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Louise Lind Schierbeck, Lars Rejnmark, Charlotte Landbo Tofteng, Lis Stilgren, Pia Eiken, Leif Mosekilde, Lars Køber and Jens-Erik Beck Jensen


To investigate the relationship between vitamin D status in healthy women and cardiovascular outcome.

Design and methods

Between 1990 and 1993, 2016 healthy, recently postmenopausal women were enrolled in the Danish Osteoporosis Prevention Study. Serum levels of 25-hydroxyvitamin D (25(OH)D, nmol/l) were measured at baseline. Participants were followed for 16 years. The primary end point was a combination of death, heart failure, myocardial infarction (MI) and stroke. Vitamin D deficiency was defined as serum 25(OH)D<50 nmol/l. The primary end point was adjusted for other risk factors of adverse cardiovascular events (age, smoking, blood pressure, hip–waist ratio, education and family history of MI).


At baseline, mean age was 50 years and BMI 25. Women with vitamin D deficiency (n=788) had more cardiovascular risk factors than vitamin D-replete women (n=1225). Compared with vitamin D-replete women, women with low 25(OH)D levels had significantly higher BMI and triglycerides, lower HDL and hip–waist ratio and less education. More were smokers among the vitamin D deficient (47 vs 38%). A primary end point was experienced by 118 (15%) with vitamin D deficiency and by 125 (10%) of the vitamin D replete. Hazard ratio (HR) was 1.49 (95% confidence interval: 1.16–1.92; P=0.002) in the vitamin D deficient. Adjusted HR was 1.32 (1.02–1.71; P=0.03). In total, 135 women died; of these, 65 (8%) were of the vitamin D deficient and 70 (6%) in the vitamin D-replete group; unadjusted HR was 1.44 (1.02–2.01; P=0.04) for vitamin D deficiency.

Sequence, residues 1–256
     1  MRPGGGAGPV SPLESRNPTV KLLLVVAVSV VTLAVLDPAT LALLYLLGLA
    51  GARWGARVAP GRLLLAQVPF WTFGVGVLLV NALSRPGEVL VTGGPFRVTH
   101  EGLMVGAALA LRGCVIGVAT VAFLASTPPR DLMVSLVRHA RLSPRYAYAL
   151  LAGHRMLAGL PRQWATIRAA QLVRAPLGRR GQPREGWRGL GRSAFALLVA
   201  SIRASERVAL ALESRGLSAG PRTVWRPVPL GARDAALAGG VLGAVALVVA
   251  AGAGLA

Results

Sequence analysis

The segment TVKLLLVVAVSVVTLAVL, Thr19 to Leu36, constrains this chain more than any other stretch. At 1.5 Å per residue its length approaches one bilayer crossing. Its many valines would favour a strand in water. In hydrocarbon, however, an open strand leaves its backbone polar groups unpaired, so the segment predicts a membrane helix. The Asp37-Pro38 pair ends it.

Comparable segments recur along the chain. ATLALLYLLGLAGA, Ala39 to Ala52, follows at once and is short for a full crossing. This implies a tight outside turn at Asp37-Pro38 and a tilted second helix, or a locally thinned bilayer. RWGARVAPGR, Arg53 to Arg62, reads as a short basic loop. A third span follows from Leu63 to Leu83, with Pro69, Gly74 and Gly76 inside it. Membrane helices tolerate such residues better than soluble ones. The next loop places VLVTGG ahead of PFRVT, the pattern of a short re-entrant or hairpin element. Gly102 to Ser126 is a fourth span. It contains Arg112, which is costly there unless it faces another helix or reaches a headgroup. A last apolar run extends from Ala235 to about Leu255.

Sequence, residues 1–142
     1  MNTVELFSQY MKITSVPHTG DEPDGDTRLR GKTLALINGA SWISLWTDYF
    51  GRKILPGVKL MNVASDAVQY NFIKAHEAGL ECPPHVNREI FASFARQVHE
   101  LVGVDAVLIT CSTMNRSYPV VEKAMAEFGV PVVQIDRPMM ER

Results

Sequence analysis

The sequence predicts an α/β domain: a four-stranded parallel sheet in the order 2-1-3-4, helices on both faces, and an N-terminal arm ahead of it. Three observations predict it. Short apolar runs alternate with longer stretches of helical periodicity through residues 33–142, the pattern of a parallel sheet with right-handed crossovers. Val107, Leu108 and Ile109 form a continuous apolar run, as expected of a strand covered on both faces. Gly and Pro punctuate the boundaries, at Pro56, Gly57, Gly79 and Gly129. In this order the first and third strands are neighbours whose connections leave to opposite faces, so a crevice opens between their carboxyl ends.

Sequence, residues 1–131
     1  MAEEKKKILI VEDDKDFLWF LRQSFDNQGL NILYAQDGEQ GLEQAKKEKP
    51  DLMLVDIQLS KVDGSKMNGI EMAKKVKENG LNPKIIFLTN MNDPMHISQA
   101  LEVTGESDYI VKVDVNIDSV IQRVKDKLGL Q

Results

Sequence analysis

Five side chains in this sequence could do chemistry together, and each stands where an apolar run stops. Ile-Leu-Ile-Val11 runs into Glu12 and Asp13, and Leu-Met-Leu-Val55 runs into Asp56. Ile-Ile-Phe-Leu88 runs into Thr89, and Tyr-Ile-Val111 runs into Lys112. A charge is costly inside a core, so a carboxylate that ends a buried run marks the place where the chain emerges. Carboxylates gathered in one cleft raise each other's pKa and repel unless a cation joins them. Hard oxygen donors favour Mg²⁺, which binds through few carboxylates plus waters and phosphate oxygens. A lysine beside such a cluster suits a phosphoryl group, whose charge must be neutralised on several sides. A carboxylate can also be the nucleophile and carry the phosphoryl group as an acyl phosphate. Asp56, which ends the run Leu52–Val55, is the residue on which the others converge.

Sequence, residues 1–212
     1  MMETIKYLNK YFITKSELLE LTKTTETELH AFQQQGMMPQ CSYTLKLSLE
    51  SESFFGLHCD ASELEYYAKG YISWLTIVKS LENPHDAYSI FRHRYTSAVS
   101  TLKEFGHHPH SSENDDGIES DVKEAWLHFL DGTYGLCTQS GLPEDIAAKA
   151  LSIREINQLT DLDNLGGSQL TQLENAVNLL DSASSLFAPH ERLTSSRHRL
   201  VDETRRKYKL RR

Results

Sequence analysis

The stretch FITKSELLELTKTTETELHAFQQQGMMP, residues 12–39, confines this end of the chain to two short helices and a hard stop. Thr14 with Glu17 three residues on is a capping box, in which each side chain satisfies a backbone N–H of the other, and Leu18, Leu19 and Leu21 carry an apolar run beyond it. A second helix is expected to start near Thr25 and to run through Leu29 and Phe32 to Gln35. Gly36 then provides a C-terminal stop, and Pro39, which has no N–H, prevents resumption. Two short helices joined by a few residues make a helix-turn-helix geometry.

Healthy women with vitamin D deficiency have increased risk of adverse cardiovascular outcome.

Free access

Charlotte Andersson, Peter Søgaard, Søren Hoffmann, Peter R Hansen, Allan Vaag, Atheline Major-Pedersen, Thomas Fritz Hansen, Jan Bech, Lars Køber, Christian Torp-Pedersen and Gunnar H Gislason


To examine the association between selected glucose-lowering medications and left ventricular (LV) diastolic function in patients with diabetes.


Retrospective cohort study (years 2005–2008).


Echocardiograms of 242 patients with diabetes undergoing coronary angiography were analyzed. All patients had an LV ejection fraction (LVEF) ≥20% and were without atrial fibrillation, bundle branch block, valvular disease, or cardiac pacemaker. Patients were grouped according to the use of metformin (n=56), sulfonylureas (n=43), insulin (n=61), and combination treatment (n=82).


Mean age (66±10 years) and mean LVEF (45±11%) were similar across the groups. Mean isovolumic relaxation time (IVRT) was 66±31, 79±42, 69±23, and 66±29 ms in metformin, sulfonylureas, insulin, and combination treatment groups respectively (P=0.4). Mean early diastolic longitudinal tissue velocity (e′) was 5.3±1.6, 4.6±1.6, 5.3±1.8, and 5.4±1.7 cm/s in metformin, sulfonylureas, insulin, and combination treatment groups (P=0.04). In adjusted linear regression models, the use of metformin was associated with a shorter IVRT (parameter estimate −9.9 ms, P=0.049) and higher e′ (parameter estimate +0.52 cm/s, P=0.03), compared with no use of metformin. The effects of metformin were not altered by concomitant use of sulfonylureas or insulin (P for interactions >0.4).


The use of metformin is associated with improved LV relaxation, as compared with no use of metformin.